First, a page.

Whose Embargo Is It, Anyway?
From the Print Edition:
The Cuba Issue, May/Jun 99
(continued from page 1)
From a business perspective, the restrictions and prohibitions regarding commerce with Cuba are neither cost-effective nor time-effective. According to the New York City-based U.S.-Cuba Trade and Economic Council, in 1998 Cuba imported approximately $650 million in bulk-food commodities (cooking oil, chicken, pork, powdered milk, soy, rice, beans, wheat, etc.) for distribution to its 11 million citizens. Millions of dollars more were spent importing food products to feed the 1.4 million tourists who visited the country last year, and even more will go to feed the 1.7 million tourists expected to visit this year. In the 1980s and early 1990s, Cuba was importing approximately $1 billion annually in bulk-food commodities.
From where do the majority of these food products originate? France, Argentina, Mexico, Spain, China, the Netherlands, New Zealand and Canada (the single largest trading partner of the United States).
This year, farmers in the United States are watching as domestic and international bulk-food commodity prices continue to decrease. In large measure, these price decreases are a result of a) ironically, increasing efficiencies that continue to permit farmers in the United States to be the most productive in the world and b) the inability of traditional export markets to maintain existing purchasing levels due to their own domestic economic difficulties. Logic would dictate what to do to help the farmers: create new export markets. Logic would dictate what not to do to help the farmers: support taxpayer bailouts in lieu of creating new export markets. Unfortunately, the definitions of logic in the private sector and in the public sector are far too often at odds.
In 1998, the value of U.S. agricultural exports was approximately $51.7 billion. Today, Cuba could almost immediately become a substantial export market for U.S. farmers. For every new $1 billion in exports, the U.S. Department of Commerce reports that approximately 20,000 jobs are created. Cuba could reasonably sustain and then expand to such a level of imports--thus creating new jobs in the United States.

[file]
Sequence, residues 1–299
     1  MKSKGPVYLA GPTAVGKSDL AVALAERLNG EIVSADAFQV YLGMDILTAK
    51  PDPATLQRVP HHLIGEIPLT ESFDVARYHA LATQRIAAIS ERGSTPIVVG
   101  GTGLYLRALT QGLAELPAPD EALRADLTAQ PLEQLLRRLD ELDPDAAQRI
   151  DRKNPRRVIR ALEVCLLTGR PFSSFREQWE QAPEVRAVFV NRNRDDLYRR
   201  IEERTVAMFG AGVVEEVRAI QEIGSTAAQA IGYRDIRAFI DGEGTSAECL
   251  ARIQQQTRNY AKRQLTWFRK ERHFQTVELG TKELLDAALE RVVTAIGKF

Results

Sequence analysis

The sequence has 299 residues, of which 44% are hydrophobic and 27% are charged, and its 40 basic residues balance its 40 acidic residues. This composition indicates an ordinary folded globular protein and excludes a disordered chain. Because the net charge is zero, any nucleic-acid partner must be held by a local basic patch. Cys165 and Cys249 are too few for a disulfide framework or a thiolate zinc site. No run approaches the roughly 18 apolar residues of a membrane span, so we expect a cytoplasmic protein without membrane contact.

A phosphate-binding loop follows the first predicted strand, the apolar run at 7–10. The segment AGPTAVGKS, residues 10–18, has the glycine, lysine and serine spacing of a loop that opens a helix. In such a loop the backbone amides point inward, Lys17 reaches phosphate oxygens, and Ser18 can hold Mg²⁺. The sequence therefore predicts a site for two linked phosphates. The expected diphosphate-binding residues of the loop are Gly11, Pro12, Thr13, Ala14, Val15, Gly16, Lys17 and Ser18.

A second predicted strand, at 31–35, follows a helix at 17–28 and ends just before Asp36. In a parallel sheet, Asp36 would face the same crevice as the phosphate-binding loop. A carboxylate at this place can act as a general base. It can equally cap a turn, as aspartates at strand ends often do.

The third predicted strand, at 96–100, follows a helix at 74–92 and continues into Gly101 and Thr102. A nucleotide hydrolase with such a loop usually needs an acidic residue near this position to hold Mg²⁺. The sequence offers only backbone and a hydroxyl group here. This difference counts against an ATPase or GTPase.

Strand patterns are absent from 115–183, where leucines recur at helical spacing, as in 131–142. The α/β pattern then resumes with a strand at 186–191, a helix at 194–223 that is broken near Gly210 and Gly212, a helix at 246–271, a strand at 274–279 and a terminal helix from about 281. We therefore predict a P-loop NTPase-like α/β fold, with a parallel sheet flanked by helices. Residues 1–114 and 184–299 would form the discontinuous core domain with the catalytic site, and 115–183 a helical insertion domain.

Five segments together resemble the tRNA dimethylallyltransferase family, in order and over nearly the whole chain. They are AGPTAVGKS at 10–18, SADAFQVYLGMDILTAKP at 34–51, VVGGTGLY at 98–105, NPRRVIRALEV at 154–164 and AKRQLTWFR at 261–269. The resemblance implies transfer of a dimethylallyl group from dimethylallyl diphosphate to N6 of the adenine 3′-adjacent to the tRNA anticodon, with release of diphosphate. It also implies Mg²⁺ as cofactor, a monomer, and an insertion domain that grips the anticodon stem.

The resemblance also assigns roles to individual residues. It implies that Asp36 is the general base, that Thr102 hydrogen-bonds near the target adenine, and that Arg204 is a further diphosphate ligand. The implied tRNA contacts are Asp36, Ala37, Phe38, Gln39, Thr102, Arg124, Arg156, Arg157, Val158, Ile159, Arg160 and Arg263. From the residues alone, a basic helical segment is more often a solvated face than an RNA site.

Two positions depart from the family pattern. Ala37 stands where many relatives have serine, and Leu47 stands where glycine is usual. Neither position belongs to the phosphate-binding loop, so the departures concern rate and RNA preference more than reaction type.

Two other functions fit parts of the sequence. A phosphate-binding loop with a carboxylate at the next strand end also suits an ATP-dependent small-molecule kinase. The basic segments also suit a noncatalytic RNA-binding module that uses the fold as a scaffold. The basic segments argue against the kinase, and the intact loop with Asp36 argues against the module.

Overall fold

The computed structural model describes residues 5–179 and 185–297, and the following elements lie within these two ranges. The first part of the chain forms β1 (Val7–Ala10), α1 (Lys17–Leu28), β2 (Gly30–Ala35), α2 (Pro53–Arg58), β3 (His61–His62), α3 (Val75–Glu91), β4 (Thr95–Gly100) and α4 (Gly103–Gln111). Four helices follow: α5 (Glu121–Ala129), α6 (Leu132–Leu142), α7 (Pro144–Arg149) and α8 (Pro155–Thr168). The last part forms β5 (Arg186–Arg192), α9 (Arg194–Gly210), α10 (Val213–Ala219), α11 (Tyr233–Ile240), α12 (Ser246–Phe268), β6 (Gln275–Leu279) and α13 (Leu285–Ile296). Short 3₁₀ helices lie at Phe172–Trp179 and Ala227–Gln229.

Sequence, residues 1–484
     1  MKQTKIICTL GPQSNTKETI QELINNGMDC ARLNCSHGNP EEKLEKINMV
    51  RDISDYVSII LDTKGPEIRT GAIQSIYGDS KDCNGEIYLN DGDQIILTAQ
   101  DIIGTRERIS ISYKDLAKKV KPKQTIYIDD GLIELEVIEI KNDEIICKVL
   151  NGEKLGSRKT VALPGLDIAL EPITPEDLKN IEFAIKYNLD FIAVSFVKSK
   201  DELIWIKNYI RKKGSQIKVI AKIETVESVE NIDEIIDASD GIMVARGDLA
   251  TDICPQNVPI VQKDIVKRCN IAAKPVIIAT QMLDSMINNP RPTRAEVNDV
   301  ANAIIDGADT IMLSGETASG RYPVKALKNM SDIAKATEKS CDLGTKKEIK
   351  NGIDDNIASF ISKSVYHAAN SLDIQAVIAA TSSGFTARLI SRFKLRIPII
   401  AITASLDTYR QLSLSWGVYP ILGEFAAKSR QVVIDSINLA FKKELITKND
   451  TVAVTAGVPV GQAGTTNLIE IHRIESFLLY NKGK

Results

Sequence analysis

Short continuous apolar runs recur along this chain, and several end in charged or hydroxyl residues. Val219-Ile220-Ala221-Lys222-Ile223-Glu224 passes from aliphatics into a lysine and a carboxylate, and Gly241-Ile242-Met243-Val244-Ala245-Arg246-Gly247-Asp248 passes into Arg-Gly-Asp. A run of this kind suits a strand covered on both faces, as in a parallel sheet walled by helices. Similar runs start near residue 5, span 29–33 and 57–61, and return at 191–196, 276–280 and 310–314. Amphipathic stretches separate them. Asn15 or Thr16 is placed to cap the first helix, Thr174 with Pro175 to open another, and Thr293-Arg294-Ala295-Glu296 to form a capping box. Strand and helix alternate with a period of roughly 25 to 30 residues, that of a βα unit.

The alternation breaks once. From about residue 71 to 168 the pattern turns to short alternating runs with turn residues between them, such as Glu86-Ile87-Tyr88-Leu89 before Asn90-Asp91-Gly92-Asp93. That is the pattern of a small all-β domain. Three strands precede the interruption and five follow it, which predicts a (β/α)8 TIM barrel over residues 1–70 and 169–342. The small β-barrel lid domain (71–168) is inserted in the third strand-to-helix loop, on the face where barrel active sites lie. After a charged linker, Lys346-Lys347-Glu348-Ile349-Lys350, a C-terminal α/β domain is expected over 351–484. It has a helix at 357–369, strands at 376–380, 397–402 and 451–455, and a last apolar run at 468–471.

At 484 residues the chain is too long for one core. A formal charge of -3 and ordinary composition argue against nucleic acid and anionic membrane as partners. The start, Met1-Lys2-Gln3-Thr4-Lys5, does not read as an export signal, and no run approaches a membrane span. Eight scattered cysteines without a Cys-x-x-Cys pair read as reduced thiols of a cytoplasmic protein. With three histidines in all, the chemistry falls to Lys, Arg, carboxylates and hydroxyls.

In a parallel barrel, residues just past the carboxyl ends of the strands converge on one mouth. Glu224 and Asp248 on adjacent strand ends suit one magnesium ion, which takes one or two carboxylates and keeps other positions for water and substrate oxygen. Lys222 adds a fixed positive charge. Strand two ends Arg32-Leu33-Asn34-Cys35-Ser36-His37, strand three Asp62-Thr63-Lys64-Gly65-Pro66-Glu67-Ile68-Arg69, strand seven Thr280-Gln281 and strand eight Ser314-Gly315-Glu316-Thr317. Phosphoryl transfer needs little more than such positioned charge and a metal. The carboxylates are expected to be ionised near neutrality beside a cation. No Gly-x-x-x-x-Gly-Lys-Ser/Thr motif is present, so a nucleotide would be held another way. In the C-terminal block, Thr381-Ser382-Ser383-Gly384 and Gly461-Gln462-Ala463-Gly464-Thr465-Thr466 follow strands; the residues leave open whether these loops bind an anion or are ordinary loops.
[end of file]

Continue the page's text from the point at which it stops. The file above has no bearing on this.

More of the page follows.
There are those who advocate maintaining the status quo as the most cost-effective means by which to achieve U.S. policy goals in Cuba. There are those who advocate increased pressure, and others who advocate lessening pressure. All three positions have merit.
Amazing, however, is the number of politicians, pundits and others who hold fast to views about Cuba without ever having visited the country. Watching "The Newshour with Jim Lehrer," reading The Wall Street Journal or listening to National Public Radio must not be
substitutes for seeing for yourself. President Ronald Reagan, upon arriving in Moscow in 1988, said that seeing the Soviet Union once was more important to him than hearing about it 1,000 times.
To those who espouse the view that permitting U.S. businesses to conduct transactions within Cuba will undermine, rather than promote, U.S. policy goals, they are simply wrong. Can anyone rationally argue that U.S. companies exporting to Cuba, importing from Cuba, providing services within Cuba or investing in Cuba would "look the other way" when finding a problem? A prosperous Cuba means a more prosperous United States.
To those who want to see an increase in the standard of living of the Cuban people, the solution is this: permit U.S. companies to create employment opportunities. Cuban government-operated companies and companies from other countries, including those already operating within Cuba, will have no choice but to maintain parity with, or exceed, new wage levels established by U.S. companies or risk losing quality employees. We will be the rule, not the exception.